Cyberlock Consulting, Inc. v. Information Experts, Inc., No. 1:2012cv00396 - Document 27 (E.D. Va. 2012)

Court Description: MEMORANDUM OPINION re Defendant's MOTION to Dismiss Count II (Fraud). Signed by District Judge James C. Cacheris on 9/4/2012. (klau, )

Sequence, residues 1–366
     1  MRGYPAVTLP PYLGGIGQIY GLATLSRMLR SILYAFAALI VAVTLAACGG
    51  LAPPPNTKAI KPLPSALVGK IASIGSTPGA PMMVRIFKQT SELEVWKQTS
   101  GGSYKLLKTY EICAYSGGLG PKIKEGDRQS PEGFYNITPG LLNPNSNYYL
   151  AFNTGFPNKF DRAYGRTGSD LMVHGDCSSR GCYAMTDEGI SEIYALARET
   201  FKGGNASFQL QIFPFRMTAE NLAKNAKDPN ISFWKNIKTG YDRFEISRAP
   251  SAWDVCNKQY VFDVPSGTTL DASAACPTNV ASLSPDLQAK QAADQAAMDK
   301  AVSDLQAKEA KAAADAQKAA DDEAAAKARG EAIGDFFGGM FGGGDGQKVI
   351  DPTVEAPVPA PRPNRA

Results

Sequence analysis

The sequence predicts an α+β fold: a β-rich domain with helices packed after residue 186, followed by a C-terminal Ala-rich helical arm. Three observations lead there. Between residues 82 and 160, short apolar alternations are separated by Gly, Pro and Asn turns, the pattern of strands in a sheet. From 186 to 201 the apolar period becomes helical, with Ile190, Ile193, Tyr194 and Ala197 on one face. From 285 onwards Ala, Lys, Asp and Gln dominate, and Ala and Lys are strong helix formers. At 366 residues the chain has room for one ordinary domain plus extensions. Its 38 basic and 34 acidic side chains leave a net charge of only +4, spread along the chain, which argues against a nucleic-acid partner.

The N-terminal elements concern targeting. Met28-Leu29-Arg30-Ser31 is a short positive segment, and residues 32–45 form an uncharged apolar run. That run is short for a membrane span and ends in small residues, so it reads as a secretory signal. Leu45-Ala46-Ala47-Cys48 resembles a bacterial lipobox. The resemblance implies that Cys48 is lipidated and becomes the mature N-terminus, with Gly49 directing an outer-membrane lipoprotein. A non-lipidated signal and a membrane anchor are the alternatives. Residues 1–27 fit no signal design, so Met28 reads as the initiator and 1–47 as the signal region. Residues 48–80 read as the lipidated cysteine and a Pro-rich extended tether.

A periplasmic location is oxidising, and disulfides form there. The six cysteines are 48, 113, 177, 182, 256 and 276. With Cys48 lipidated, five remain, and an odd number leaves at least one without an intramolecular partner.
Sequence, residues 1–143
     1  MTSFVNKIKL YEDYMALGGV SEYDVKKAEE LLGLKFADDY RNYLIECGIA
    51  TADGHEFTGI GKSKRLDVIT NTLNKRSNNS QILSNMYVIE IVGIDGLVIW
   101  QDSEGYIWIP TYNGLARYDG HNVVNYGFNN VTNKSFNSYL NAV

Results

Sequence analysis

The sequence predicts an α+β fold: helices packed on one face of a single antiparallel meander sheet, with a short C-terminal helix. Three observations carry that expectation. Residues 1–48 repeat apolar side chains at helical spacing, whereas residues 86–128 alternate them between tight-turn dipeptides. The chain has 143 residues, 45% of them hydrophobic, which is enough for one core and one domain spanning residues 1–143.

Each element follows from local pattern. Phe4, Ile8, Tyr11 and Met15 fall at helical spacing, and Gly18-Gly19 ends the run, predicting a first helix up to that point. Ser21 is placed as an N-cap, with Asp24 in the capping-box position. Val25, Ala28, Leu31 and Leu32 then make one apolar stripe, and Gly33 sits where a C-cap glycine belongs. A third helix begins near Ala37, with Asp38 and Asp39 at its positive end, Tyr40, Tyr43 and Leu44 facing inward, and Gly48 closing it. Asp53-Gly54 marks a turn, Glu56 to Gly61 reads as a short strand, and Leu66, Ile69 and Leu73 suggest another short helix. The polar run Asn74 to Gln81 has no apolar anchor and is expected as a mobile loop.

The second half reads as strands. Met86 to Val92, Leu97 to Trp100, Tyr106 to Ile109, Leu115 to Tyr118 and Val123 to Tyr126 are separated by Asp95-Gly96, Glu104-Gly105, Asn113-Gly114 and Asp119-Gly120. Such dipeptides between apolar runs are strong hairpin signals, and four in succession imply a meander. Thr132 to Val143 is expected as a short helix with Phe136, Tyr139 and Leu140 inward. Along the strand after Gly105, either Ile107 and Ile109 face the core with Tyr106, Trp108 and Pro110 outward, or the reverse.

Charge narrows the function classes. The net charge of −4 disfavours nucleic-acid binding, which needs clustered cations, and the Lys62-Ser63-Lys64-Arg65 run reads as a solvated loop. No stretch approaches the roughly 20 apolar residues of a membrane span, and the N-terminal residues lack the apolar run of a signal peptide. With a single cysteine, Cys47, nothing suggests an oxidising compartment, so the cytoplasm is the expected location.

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IN THE UNITED STATES DISTRICT COURT FOR THE EASTERN DISTRICT OF VIRGINIA Alexandria Division CYBERLOCK CONSULTING, INC., Plaintiff, v. INFORMATION EXPERTS, INC., Defendant. ) ) ) ) ) ) ) ) ) ) 1:12cv396 (JCC/TCB) M E M O R A N D U M O P I N I O N This matter is before the Court on Defendant Information Experts, Inc. s Motion to Dismiss [Dkt. 18] (the Motion ). For the following reasons, the Court will grant Defendants Motion. I. Background This case arises out of Defendant Information Experts Inc. s ( IE ) alleged breach of a Teaming Agreement 1 that it entered with Plaintiff Cyberlock Consulting, Inc. ( Cyberlock ) for the purpose of obtaining a contract award from the federal government. 1 As previously noted in the Court s Memorandum Opinion dated June 26, 2012, teaming agreements are special arrangements among private contractors commonly used in connection with large government projects. EG&G Inc. v. Cube Corp., 63 Va. Cir. 634, 2002 WL 31950215, at *2 (Va. Cir. Ct. Dec. 23, 2002). Pursuant to these agreements, subcontractors generally provide technical expertise, financial support, and other general assistance in preparing the prime contractor s bid submission, in exchange for the prime contractor s promise to award a subcontract. Id. 1 A. Factual Background Cyberlock provides, among other things, project management and cyber security services and solutions for the federal government. (Am. Compl. [Dkt. 17] ¶ 5.) In November 2008, Cyberlock entered into a subcontract with IE to perform those types of services pursuant to a prime contract that IE had obtained with the Office of Personnel Management ( OPM ) and its Federal Investigative Services ( FIS ) division. (Id.) Cyberlock completed its work on this project in September 2011. Shortly thereafter, OPM revealed that it would be seeking bids for a new project involving the same type of work. (Am. Compl. ¶ 9.) On October 4, 2011, Cyberlock and IE entered into a Teaming Agreement (the Teaming Agreement ) for the purpose of obtaining a contract award (the Prime Contract ) from OPM. (Am. Compl. ¶ 10; Def. s Mem. Ex. A ( Teaming Agreement ) ¶¶ 1, 4(a).) 2 Under the Teaming Agreement, IE agreed that, in the event it was awarded the Prime Contract by OPM, it would execute a subcontracting agreement to provide [Cyberlock] 49% of the Prime Contract for the work anticipated to be performed by [Cyberlock]. (Am. Compl. ¶ 13; Teaming Agreement 2 Although the Teaming Agreement is not attached to the Amended Complaint, the Court may consider it in connection with Defendant s Motion, as it is integral to and explicitly relied on in the Complaint and Plaintiff does not challenge its authenticity. See Am. Chiropractic Ass n v. Trigon Healthcare, Inc., 367 F.3d 212, 234 (4th Cir. 2004). Plaintiff previously acknowledged that the Teaming Agreement was properly before the Court. (Opp. [Dkt. 11] at 3 n.1.) 2 ¶ 4(i).) Exhibit A to the Teaming Agreement set out information relevant to Cyberlock s role, and provided that [Cyberlock] will perform 49% of the functions and scope of work as relayed by the Government in the Prime Contract awarded to [IE]. Compl. ¶ 13; Teaming Agreement Ex. A.) (Am. Pursuant to Exhibit A, Cyberlock was required to, among other things, submit cost and price data to support IE s pricing strategy planning. Compl. ¶ 13; Teaming Agreement Ex. A.) (Am. The parties agreed that they would exert reasonable efforts to obtain an [IE] Prime Contract and to negotiate a subcontract in . . . in accordance with Exhibit A. (Teaming Agreement ¶ 4(a); Am. Compl. ¶ 17.) IE allegedly confirmed the 51%/49% split of the anticipated Prime Contract in an e-mail conversation between Keith Ebersole, Cyberlock s Executive Vice President, and Adam Levin, IE s Executive Vice President. (Am. Compl. ¶ 18.) On January 25, 2012, Ebersole e-mailed Levin and proposed that they work on the terms of the subcontract and conclude their discussion on pricing once the exact pricing was completed as part of IE s proposed response to the government. (Id.) Ebersole stated that the pricing for the subcontract [s]houldn t be too difficult with this being Fixed Price and applying the already agreed 51%/49% split to the total price. (Id.) Levin responded: Agreed. 3 (Id.) Contrary to the terms of the Teaming Agreement, Cyberlock alleges that IE did not intend to execute a subcontract providing Cyberlock with 49% of a prime contract with OPM. In addition, Cyberlock alleges that according to Dennis Schulte, an employee of IE at the time the Teaming Agreement was executed and who was the IE Program Manager on the first subcontract, IE intended to push out Cyberlock at the time of the award of the prime contract or soon after. 11.) (Am. Compl. ¶ Schulte allegedly indicated that IE did not have the necessary staff with the appropriate security clearances to perform under the prime contract. (Am. Compl. ¶ 12.) Cyberlock asserts that Levin conveyed to Schulte, at an unspecified time, that IE could do what it wanted to with respect to Cyberlock and that IE s plan was to hire and use Cyberlock s employees who had the appropriate security clearances to perform on the prime contract. (Id.) Subsequent to the signing of the Teaming Agreement, OPM issued a request for proposal ( RFP ) to IE seeking a bid for the performance of project management services. ¶ 19.) (Am. Compl. The services were to be completed in the form of fixed price monthly deliverables to FIS. (Id.) Cyberlock provided IE with its breakdown of price per deliverable. (Am. Compl. ¶ 20.) Consistent with the RFP, this information was stated on a fixed price basis. (Am. Compl. ¶ 21.) Cyberlock also, however, 4 provided a breakdown of labor categories, rates and hours, which OPM requested in its RFP for the purpose of conducting a price reasonableness evaluation. (Am. Compl. ¶ 22.) Cyberlock requested that IE negotiate and execute a subcontract that would take effect if IE was awarded the Prime Contract, but IE refused. (Am. Compl. ¶ 23.) On February 14, 2012, however, Levin allegedly represented that IE would execute a subcontract with Cyberlock the day the Prime Contract was awarded. (Id.) On or about February 22, 2012, OPM awarded the Prime Contract to IE. (Am. Compl. ¶ 24.) Notwithstanding Levin s alleged representation, IE did not execute a subcontract with Cyberlock that day. (Am. Compl. ¶ 25.) Instead, IE e- mailed a draft Subcontracting Agreement (the Subcontract ) to Cyberlock on March 1, 2012. (Am. Compl. ¶ 26.) The Subcontract contained terms and conditions different from those previously agreed to by the parties in the Teaming Agreement, including the aforementioned 51%/49% split. (Id.) On March 2, 2012, Cyberlock informed IE that certain terms in the Subcontract needed to be revised so that they would align with the Teaming Agreement. (Am. Compl. ¶ 27.) Cyberlock requested, among other things, that the Subcontract be on a fixed price basis, as required by the Teaming Agreement, and specify the monthly deliverables for which Cyberlock was responsible. (Id.) Cyberlock also requested the revision or 5 removal of provisions governing how Cyberlock would be permitted to staff the project, permitting IE to hire away Cyberlock employees to perform IE s share of the work, and giving IE the right to withhold the necessary authorization for Cyberlock to perform the monthly deliverables in the Subcontract. (Id.) IE allegedly ignored most of the requested revisions and made only two minor edits to the Subcontract. (Am. Compl. ¶ 28.) IE allegedly sent its revised version of the Subcontract to Cyberlock on March 2, 2012, and requested that Cyberlock execute and return it by the next business day on March 5, 2012. (Id.) Additional attempts by Cyberlock to negotiate the terms of the Subcontract ultimately fell through. On March 8, 2012, Levin instructed Cyberlock to contact IE s Vice President of Operations, Moe Baker Maktabi. (Am. Compl. ¶ 31.) Maktabi informed Cyberlock that his hands were tied and that he could not make any revisions to the Subcontract. (Id.) Maktabi allegedly stated that IE was proposing a time and materials Subcontract instead of a fixed price Subcontract because the Prime Contract was based on time and materials. (Id.) Cyberlock alleges that this representation was false, and that the Prime Contract was in fact fixed price. (Id.) The Subcontract provided that Cyberlock could earn $1,139,871.36 for its work on the project. (Compl. ¶ 28.) Maktabi allegedly represented that this amount was equal to Cyberlock s 49% share 6 of the Prime Contract. (Id.) Cyberlock alleges that this representation was also false, and that the $1,139,871.36 amount was approximately $200,000 less than the true 49% share of the Prime Contract. (Id.) The next day, Cyberlock s counsel spoke with Levin. (Am. Compl. ¶ 34.) Levin allegedly misrepresented that the reason why the Subcontract required Cyberlock to hire a certain number of employees who were to work a maximum number of hours (instead of listing monthly deliverables with fixed pricing) was due to a requirement by the government, hence implying that the Prime Contract was not fixed price. (Id.) IE also allegedly refused to provide the Statement of Work under the Prime Contract or evidence that the Prime Contract required the Subcontract to be structured as IE represented. (Id.) Cyberlock continued to press IE on its requested revisions. (Am. Compl. ¶ 35.) On March 16, 2012, Maktabi informed Cyberlock that he would send a revised Subcontract on March 19. (Am. Compl. ¶ 36.) During this conversation, Maktabi allegedly represented that the Prime Contract did not contain a list of specific deliverables separate from the Statement of Work. (Id.) This representation was allegedly false. (Id.) Despite Maktabi s representation otherwise, Cyberlock never received a revised Subcontract on March 19. 7 (Id.) Cyberlock made further attempts to negotiate with IE s counsel. (Am. Compl. ¶ 37.) On March 26, 2012, IE s counsel provided a revised Subcontract, which was still based on time and materials and not fixed price. (Am. Compl. ¶ 38.) He also e-mailed a redacted copy of the Prime Contract, which, Cyberlock alleges, redacted the monthly deliverables and the fixed pricing thereof. (Id.) According to Cyberlock, the redacted Prime Contract revealed that prior representations made by IE, including those by Levin and Maktabi, were false. ¶ 39.) (Am. Compl. In particular, the redacted Prime Contract allegedly revealed that: (1) there was a list of specific deliverables with fixed pricing; (2) OPM had not imposed a time and materials Prime Contract on IE; (3) there was no required number of employees that had to work under the Prime Contract; (4) there was no description of any labor categories, rates, or number of hours listed in the redacted Prime Contract, which would support IE s representation that the Prime Contract was time and materials; and (5) the total price stated in the redacted Prime Contract was $2,724,308, which demonstrates that the $1,139,871.36 amount inserted into all prior versions of the Subcontract was, contrary to IE s representations, less than Cyberlock s 49% share of the Subcontract. (Id.) Cyberlock alleges that the revised Subcontract sent on March 26, 2012, again violated the Teaming Agreement. 8 (Am. Compl. ¶ 40.) Specifically, Cyberlock alleges that the revised Subcontract (1) was still based on time and materials; (2) while it increased Cyberlock s share to $1,334,912.64, did not authorize Cyberlock to perform any work; (3) made it impossible for Cyberlock to earn the $1,334,912.64 because, to work the necessary number of hours to earn this amount, Cyberlock employees would have had to give up most of their vacation time and work federal holidays; (4) allowed for termination of the Subcontract without default by Cyberlock; (5) still allowed IE to reduce Cyberlock s compensation if IE did not approve Cyberlock s staff within fourteen days of the start of the revised Subcontract s term (and gave IE carte blanche to withhold approval); and (6) failed to provide a description of what Cyberlock was required to do and the criteria for acceptance of work. (Id.) On March 30, 2012, Cyberlock gave IE three days to decide whether it would agree to Cyberlock s requested revisions and, if so, to send a revised Subcontract. (Am. Compl. ¶ 41.) On April 2, 2012, IE responded that it would not give in to certain terms and that therefore the parties would be unable to reach an agreement. B. (Am. Compl. ¶ 42.) Procedural Background Plaintiff originally filed suit in this Court on April 11, 2012. [Dkt. 1.] The Complaint included claims for breach 9 of contract (Count I) and fraud (Count II). Defendant filed a Motion to Dismiss. On May 16, 2012, [Dkt. 7.] On June 26, 2012, the Court denied Defendant s Motion as to Count I and granted Defendant s Motion as to Count II. [Dkt. 16.] With respect to Count II, the Court held that Cyberlock failed to state a claim for fraud because it had not pled factual allegations which plausibly suggested that IE made a promise it never intended to keep at the time that it entered into the Teaming Agreement. at 21.) (Memorandum Opinion [Dkt. 15] ( Mem. Op. ) Because this pleading deficiency could potentially be cured by the addition of good faith factual allegations demonstrating IE s lack of intent, the Court granted Cyberlock leave to amend. (Id.) amended complaint. Cyberlock was given ten days to file an (See Order [Dkt. 16].) Cyberlock filed an Amended Complaint on July 6, 2012. [Dkt. 17.] The Amended Complaint again includes a breach of contract claim (Count I) and a fraud claim (Count II), as well as a new claim for unjust enrichment (Count III) and a new breach of contract claim (Count IV). Defendant moved to dismiss Count II (fraud) of the Amended Complaint on July 16, 2012. [Dkt. 18.] Following a consent motion for an extension to file a response to Defendant s Motion, [Dkt. 21], Cyberlock filed its opposition on August 3, 2012. reply on August 9, 2012. [Dkt. 23.] [Dkt. 24.] 10 Defendant filed its Defendant s Motion is before the Court. II. Standard of Review Rule 12(b)(6) allows a court to dismiss those allegations which fail to state a claim upon which relief can be granted. Fed. R. Civ. P. 12(b)(6). A Rule 12(b)(6) motion tests the legal sufficiency of the complaint. Johnson, 521 F.3d 298, 302 (4th Cir. 2008). Giarratano v. A court reviewing a complaint on a Rule 12(b)(6) motion must accept well-pleaded allegations as true and must construe factual allegations in favor of the plaintiff. See Randall v. United States, 30 F.3d 518, 522 (4th Cir. 1994). In deciding a Rule 12(b)(6) motion, a court must be mindful of the liberal pleading standards under Rule 8, which require only a short and plain statement of the claim showing that the pleader is entitled to relief. Fed. R. Civ. P. 8. While Rule 8 does not require detailed factual allegations, a plaintiff must still provide more than labels and conclusions because a formulaic recitation of the elements of a cause of action will not do. Bell Atl. Corp. v. Twombly, 550 U.S. 544, 555-56 (2007) (citation omitted). The Court must consider a two pronged approach when reviewing a complaint facing a motion to dismiss. Iqbal, 556 U.S. 662, 679 (2009). Ashcroft v. First, the court must identify and reject legal conclusions unsupported by factual allegations 11 because they are not entitled to the presumption of truth. at 680. Id. [B]are assertions that amount to nothing more than a formulaic recitation of the elements do not suffice. (Citations omitted). Id. Second, assuming the veracity of well- pleaded factual allegations, the Court must conduct a contextspecific analysis drawing on its judicial experience and common sense and determine whether the allegations plausibly suggest an entitlement to relief. Id. at 679-681. The plausibility standard requires more than a showing of a sheer possibility that a defendant has acted unlawfully. Id. at 678. A complaint that pleads facts that are merely consistent with a defendant s liability stops short of the line between possibility and plausibility of entitlement to relief. at 678 (quoting Twombly, 550 U.S. at 557). Id. Rather, the Court should be able to draw the reasonable inference that the defendant is liable for the misconduct alleged. Id. Rule 9(b) imposes a heightened pleading standard for fraud claims. In alleging fraud [], a party must state with particularity the circumstances constituting fraud or mistake. Malice, intent, knowledge, and other conditions of a person s mind may be alleged generally. Fed. R. Civ. P. 9(b). To satisfy the heightened pleading standard of Rule 9(b), a plaintiff must state with particularity the time, place, and contents of the false representations, as well as the identity 12 of the person making the misrepresentation and what he obtained thereby. In re Mut. Funds Inv. Litig., 566 F.3d 111, 120 (4th Cir. 2009) (quoting Harrison v. Westinghouse Savannah River Co., 176 F.3d 776, 784 (4th Cir. 1999)), rev d on other grounds 131 S.Ct. 2296 (2011). III. Analysis IE moves to dismiss Cyberlock s claim of fraud for failure to state a claim. Cyberlock s fraud claim is based on allegations that IE misrepresented that it would work with Cyberlock on a project for OPM and that it would, upon award of the Prime Contract, execute a subcontract with Cyberlock with certain terms. Specifically, IE allegedly misrepresented that the subcontract would contain a 51%/49% split and that it would be stated on a fixed price basis. Cyberlock alleges that these representations were false when made, that IE did not intend to execute a subcontract conforming with these terms but rather intended to push out Cyberlock around the time that the prime contract was awarded and hire Cyberlock s employees to perform on the prime contract, and that Cyberlock reasonably relied on IE s representations when providing IE with the information necessary to assemble a proposal for OPM. IE asserts that Cyberlock has failed to pled factual allegations demonstrating that, at the time the Teaming Agreement was executed, IE intended not to perform pursuant to that agreement. 13 As a result, IE contends that Cyberlock s fraud claim is based entirely upon an unfulfilled promise or statement as to future events, which cannot support a cause of action for fraud without a showing that the party possessed wrongful intent at the time that the promise was made. Alternatively, IE argues that Cyberlock fails to plead its fraud claim with sufficient particularity under Rule 9(b). In Virginia, to succeed on a claim for fraud, a party must show (1) a false representation, (2) of a material fact, (3) made intentionally and knowingly, (4) with intent to mislead, (5) reliance by the party misled, and (6) resulting damage to the party misled. 3 State Farm Mut. Auto. Ins. Co. v. Remley, 270 Va. 209, 218 (Va. 2005) (citations omitted). Fraud claims must relate to a present or a pre-existing fact, and cannot be predicated on unfulfilled promises or statements at to future events. Enomoto v. Space Adventures, Ltd., 624 F. Supp. 2d 443, 454 (E.D. Va. 2009) (quoting McMillion v. Dryvit Sys., Inc., 262 Va. 463, 471 (Va. 2001)). This is because a mere promise to perform an act in the future is not, in a legal 3 As noted in the Court s previous Memorandum Opinion [Dkt.15], the elements of actual fraud and fraudulent inducement are effectively the same. To state a cause of action for fraudulent inducement of contract under Virginia law, a plaintiff must allege that the defendant made misrepresentations [that] were positive statements of fact, made for the purpose of procuring the contract; that they are untrue; that they are material; and that the party to whom they were made relied upon them, and was induced by them to enter into the contract. Enomoto v. Space Adventures, Ltd., 624 F. Supp. 2d 443, 452 (E.D. Va. 2009) (quoting Lucas v. Thompson, 61 Va. Cir. 44, 2003 WL 483831, at *3 (Va. Cir. Ct. 2003)). 14 sense, a representation, and a failure to perform it does not change its character. Enomoto, 624 F. Supp. 2d at 454 (citing Patrick v. Summers, 235 Va. 452, 454 (Va. 1988)). Were the rule otherwise, every breach of contract could be made the basis of an action in tort for fraud. Blair Constr., Inc. v. Weatherford, 253 Va. 343, 347 (Va. 1997) (quoting Lloyd v. Smith, 150 Va. 132, 145 (Va. 1928)). A narrow exception to this general rule exists where a defendant makes a promise that, when made, he has no intention of performing, in which case th[e] promise is considered a misrepresentation of present fact and may form the basis for a claim of actual fraud. Station # 2, LLC v. Lynch, 280 Va. 166, 172 (Va. 2010) (quoting SuperValu, Inc. v. Johnson, 276 Va. 356, 368 (Va. 2008)). However, mere failure to perform is generally not evidence of a lack of intent to perform at the time the contract was formed. Cf. Poth v. Russey, 99 F. App x 446, 454 (4th Cir. 2004) (finding that evidence of fraudulent intent, which related to the failure to perform obligations, was insufficient). The Court previously found that Cyberlock failed to plead factual allegations which plausibly supported that IE possessed fraudulent intent before or at the time of the Teaming Agreement s execution. Instead, it concluded that Cyberlock s allegations amounted to nothing more than allegations regarding 15 IE s subsequent failure to perform pursuant to the Teaming Agreement. (Mem. Opp. at 20-21.) The Court granted Cyberlock leave to amend so that it could correct this deficiency by the addition of good faith factual allegations demonstrating IE s wrongful intent at the pertinent time. (Id. At 21.) However, Cyberlock has failed to do so. The two new paragraphs of allegations to which Cyberlock cites as plausibly supporting IE s fraudulent intent consist of (1) legal conclusions and bare assertions devoid of further factual enhancement, Nemet Chevrolet, Ltd. V. Consumeraffairs.com, Inc., 591 F.3d 250, 255 (4th Cir. 2009), and (2) minimal facts which are merely consistent with a defendant's liability, but fail to nudge Cyberlock s fraud claim across the line from conceivable to plausible. 556 U.S. at 678 (quoting Twombly, 550 U.S. at 557). Iqbal, (See Am. Compl. ¶¶ 11, 12.) First, Cyberlock s assertion that IE had no intent at the time of formation to execute a subcontract consistent with the Teaming Agreement is a legal conclusion which the Court is not bound to accept as true. (Am. Compl. ¶ 11.) Likewise, Dennis Schulte s statements that IE intended to push out Cyberlock and that Adam Levin conveyed to him that IE planned to hire away Cyberlock s employees to perform on the prime contract are bare assertions. (Am. Compl. ¶ 11.) 16 Such assertions of IE s intent or plan are not supported by sufficient facts or circumstances surrounding the Teaming Agreement s formation. In fact, these assertions fail even to specify the time at which such alleged intent or wrongful plan arose. 4 Thus, these assertions are not entitled to a presumption of truth. Second, even assuming the veracity of Cyberlock s factual allegations that are well-pled, the allegations of IE s wrongful intent are insufficient to survive Defendant s Motion to Dismiss. Iqbal, 556 U.S. at 679-81. Disregarding the legal conclusions and unsupported bare assertions discussed above, Cyberlock s lone new well-pled factual allegation in support of IE s intent is that IE did not have the necessary staff with the appropriate security clearances to perform the work on the prime contract if it was awarded. (Am. Compl. ¶ 12.) IE s lack of necessary staff for the prime contract raises the possibility that IE had a master plan to lure away Cyberlock s employees after the award of the prime contract and had wrongful intent at the time of the formation of the Teaming Agreement. However, there also is an obvious alternative explanation that IE intended to execute a subcontract with Cyberlock pursuant with the Teaming Agreement in order to solve IE s staffing needs for 4 The Court does not consider Cyberlock s later assertion in its opposition brief that Levin conveyed this plan to Schulte before the Teaming Agreement was executed. (See Opp. [Dkt. 23] at 4.) It is axiomatic that a complaint may not be amended by the briefs in opposition to a motion to dismiss. Elliot v. Great Point Partners, LLC, 2011 WL 6365, at *3, n.4 (E.D. Va. Jan. 5, 2011) (Cacheris, J.). 17 the prime contract. Twombly, 550 U.S. at 567. The likelihood of this alternate explanation is bolstered by the fact that Cyberlock and IE already had worked together successfully on a previous subcontract for the same type of work, completed just a few days before the Teaming Agreement was executed. ¶¶ 5, 6, 10.) (Am. Compl. As a result, Cyberlock s allegations of IE s wrongful intent at the time of the formation of the Teaming Agreement fail to cross the threshold between possibility and plausibility of entitlement to relief. Iqbal, 556 U.S. at 678. Without more factual allegations regarding the circumstances surrounding the formation of the Teaming Agreement, the Court cannot draw a reasonable inference that IE entered into that agreement with the intent ultimately not to perform. The remainder of Cyberlock s factual allegations purportedly supporting IE s intent repeat Cyberlock s prior allegations from its first Complaint regarding parties negotiations over the subcontract after the prime contract was awarded to IE. (See Am. Compl. ¶¶ 23, 25-26, 31.) As the Court previously concluded, these allegations amount to nothing more than assertions that IE failed to execute a subcontract pursuant to the Teaming Agreement. As such, they are insufficient evidence of wrongful intent at the time of formation. at 20.) 18 (Mem. Op. Cyberlock has failed to add new good faith factual allegations that plausibly demonstrate IE s intent at the requisite time and its prior allegations on this point remain insufficient to support a claim for fraud. As it has failed to meet the plausibility standard under Iqbal and Twombly, Cyberlock s fraud claim is dismissed without prejudice. IV. Conclusion For these reasons, the Court will grant Defendant s Motion. An appropriate Order will issue. September 4, 2012 Alexandria, Virginia /s/ James C. Cacheris UNITED STATES DISTRICT COURT JUDGE 19